When we did the culture assessment last year, we realized that remote culture presents its own sort of challenges, so we need to be very intentional about integration without always transporting people back and forth. For example, we conduct monthly Celebrations of Success, where employees recognize peers for their achievements. It’s traditionally held during the staff meeting, but we’ve become more intentional to make sure that people who work remotely have their accomplishment posted on our electronic bulletin board for all staff to see.
You mentioned the café. Can you describe a little bit about the interactions that occur there and how that supports what you do?
The café is a great space. You can stand up or take a seat, enjoy lunch or host a meeting. The café is used a lot for spur of the moment happy hours and extended celebrations of success. Because it’s a stand up place, people will bring food in and share. The kitchen and café are next to our library, and next to one of the TVs, so there’s an exchange of knowledge about the environment, what’s up, what’s happening. It’s a great place to serve lunch when we host offsite meetings in our adjacent conference rooms. The first thing that clients, job candidates, or any visitor says is, “Oh, wow.” We’re on 11th floor, you get a treetop view, see changing seasons, and hawks flying around. We host off sites, and clients love it here. It’s a great space for getting things done. It’s very convenient, and it’s very supportive for people who want to be connected, whether they’re employees or clients.
What’s the biggest value that you get out of your office space?
I really think it’s that collaboration, that closeness that people feel. We do have some private offices. For example, our finance area is closed to provide an expected level of protection. We learned from the prior offices what we didn’t want – it was lots of closed offices and lacked physical and visual connection. We’ve also learned and adapted to one of the consequences of a more open, collaborative design. We recognized that some people appreciate a quiet space, and created noisy space/quiet space atmospheres in two of the office areas. We also installed a noise reduction system to help eliminate background noise.
So for somebody else who was beginning the process of designing a space to better support their business, any sort of recommendations or suggestions?
One thing we did when we started the design process six years ago was an employee survey, and asked staff what features they would like to have in the new offices. We realized from the survey that, even though we wanted to go to an open space, we needed a combination of open and closed. We had to think about how employees would be working, where they’re going to be working, and how comfortable they would be with the proximity to one another. I think that the survey really helped and would highly recommend this as an initial step. You will get a sense of different experiences and everyone will have a sense of contribution and greater buy-in to the change.
Anything else to share with us?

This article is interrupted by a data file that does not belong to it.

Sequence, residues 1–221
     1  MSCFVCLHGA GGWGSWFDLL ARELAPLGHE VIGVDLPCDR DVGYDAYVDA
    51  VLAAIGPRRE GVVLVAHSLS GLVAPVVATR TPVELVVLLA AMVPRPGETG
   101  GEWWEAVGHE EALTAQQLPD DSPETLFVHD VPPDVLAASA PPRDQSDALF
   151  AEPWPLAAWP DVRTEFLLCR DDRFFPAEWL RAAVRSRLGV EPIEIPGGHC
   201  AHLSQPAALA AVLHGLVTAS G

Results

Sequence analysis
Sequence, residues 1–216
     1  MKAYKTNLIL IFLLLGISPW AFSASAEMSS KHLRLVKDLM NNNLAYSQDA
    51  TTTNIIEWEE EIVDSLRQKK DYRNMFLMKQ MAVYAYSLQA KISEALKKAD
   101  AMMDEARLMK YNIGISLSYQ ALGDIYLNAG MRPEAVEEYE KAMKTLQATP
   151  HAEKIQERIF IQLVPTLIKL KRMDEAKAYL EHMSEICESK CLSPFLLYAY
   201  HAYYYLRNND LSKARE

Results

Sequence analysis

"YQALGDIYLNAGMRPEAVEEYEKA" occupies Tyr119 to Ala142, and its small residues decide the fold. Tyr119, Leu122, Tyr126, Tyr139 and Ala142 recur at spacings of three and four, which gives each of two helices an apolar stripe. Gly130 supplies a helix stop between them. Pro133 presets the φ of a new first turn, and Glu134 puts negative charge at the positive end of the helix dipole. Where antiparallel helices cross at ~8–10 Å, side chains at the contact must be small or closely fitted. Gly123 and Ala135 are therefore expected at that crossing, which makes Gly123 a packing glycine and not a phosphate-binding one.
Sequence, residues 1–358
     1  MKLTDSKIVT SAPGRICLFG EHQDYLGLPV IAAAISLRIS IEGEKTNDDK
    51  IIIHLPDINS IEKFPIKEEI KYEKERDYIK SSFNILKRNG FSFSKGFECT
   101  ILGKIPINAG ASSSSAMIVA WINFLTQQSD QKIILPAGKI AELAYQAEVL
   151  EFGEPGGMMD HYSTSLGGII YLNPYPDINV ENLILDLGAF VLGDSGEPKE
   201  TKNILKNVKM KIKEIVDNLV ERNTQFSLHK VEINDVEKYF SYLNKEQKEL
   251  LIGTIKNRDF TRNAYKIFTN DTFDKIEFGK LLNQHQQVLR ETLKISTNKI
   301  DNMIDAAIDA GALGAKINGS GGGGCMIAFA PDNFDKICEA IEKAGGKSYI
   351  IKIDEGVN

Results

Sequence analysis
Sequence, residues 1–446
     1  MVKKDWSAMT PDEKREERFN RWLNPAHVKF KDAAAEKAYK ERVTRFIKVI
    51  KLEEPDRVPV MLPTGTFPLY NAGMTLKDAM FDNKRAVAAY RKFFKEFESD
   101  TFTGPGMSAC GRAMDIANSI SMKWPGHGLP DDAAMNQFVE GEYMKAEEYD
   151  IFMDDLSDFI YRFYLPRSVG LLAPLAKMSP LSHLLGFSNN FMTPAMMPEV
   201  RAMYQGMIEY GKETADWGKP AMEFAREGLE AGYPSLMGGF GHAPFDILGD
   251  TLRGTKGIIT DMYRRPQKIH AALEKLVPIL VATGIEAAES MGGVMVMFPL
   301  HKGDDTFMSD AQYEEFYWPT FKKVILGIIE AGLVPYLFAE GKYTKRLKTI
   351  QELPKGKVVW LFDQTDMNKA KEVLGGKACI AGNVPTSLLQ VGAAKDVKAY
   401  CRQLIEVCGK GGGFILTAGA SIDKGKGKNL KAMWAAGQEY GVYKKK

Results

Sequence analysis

I think we talked about using the space to promote our brand. If our brand is about collaboration and the human-centered approach, then we needed to ensure that we were considering the human element and helping clients solve their team-related issues. We need to ensure that our employees don’t feel like they’re stuffed in, but are working in a space that is fun, and it encourages the right stuff. They should be proud to bring clients here – and clients, when they come here for all-day meetings, should see value and benefit at our space. In addition, the space makes it clear to interview candidates that this team is all about collaboration, openness.
Is it fair to say that your space is a big part of communicating identity and brand as an organization?
Yes. It’s front and center on our website homepage – which showcases the first open conference room you see when you walk in our space. I think it’s very consistent with the brand.
One thing you touched on that I’m also curious about is the human-centered, well-being component. And I’m curious because I think that’s an emerging issue in the workplace right now. Are you doing anything in terms of promoting health and well-being?
That’s an interesting question because wellness kind of takes many different definitions. From a physical standpoint, our building has a gym that’s free and employees use it regularly. We have accommodations for standing workstations and people can move around. We encourage fitness and, as mentioned earlier, we have walking trails and a pond on the complex. We also have a lactation room for our many new moms. Considering work-life balance – we’re really talking about life balance. Wellness is also how you approach your work, and how you bring individual leadership into that. I believe that everybody is expected to be a leader here and how they manage their life at home and at work enables them to be effective personally as well as in business. It’s an area where we’re trying to be leaders as a company – and truly develop the whole person.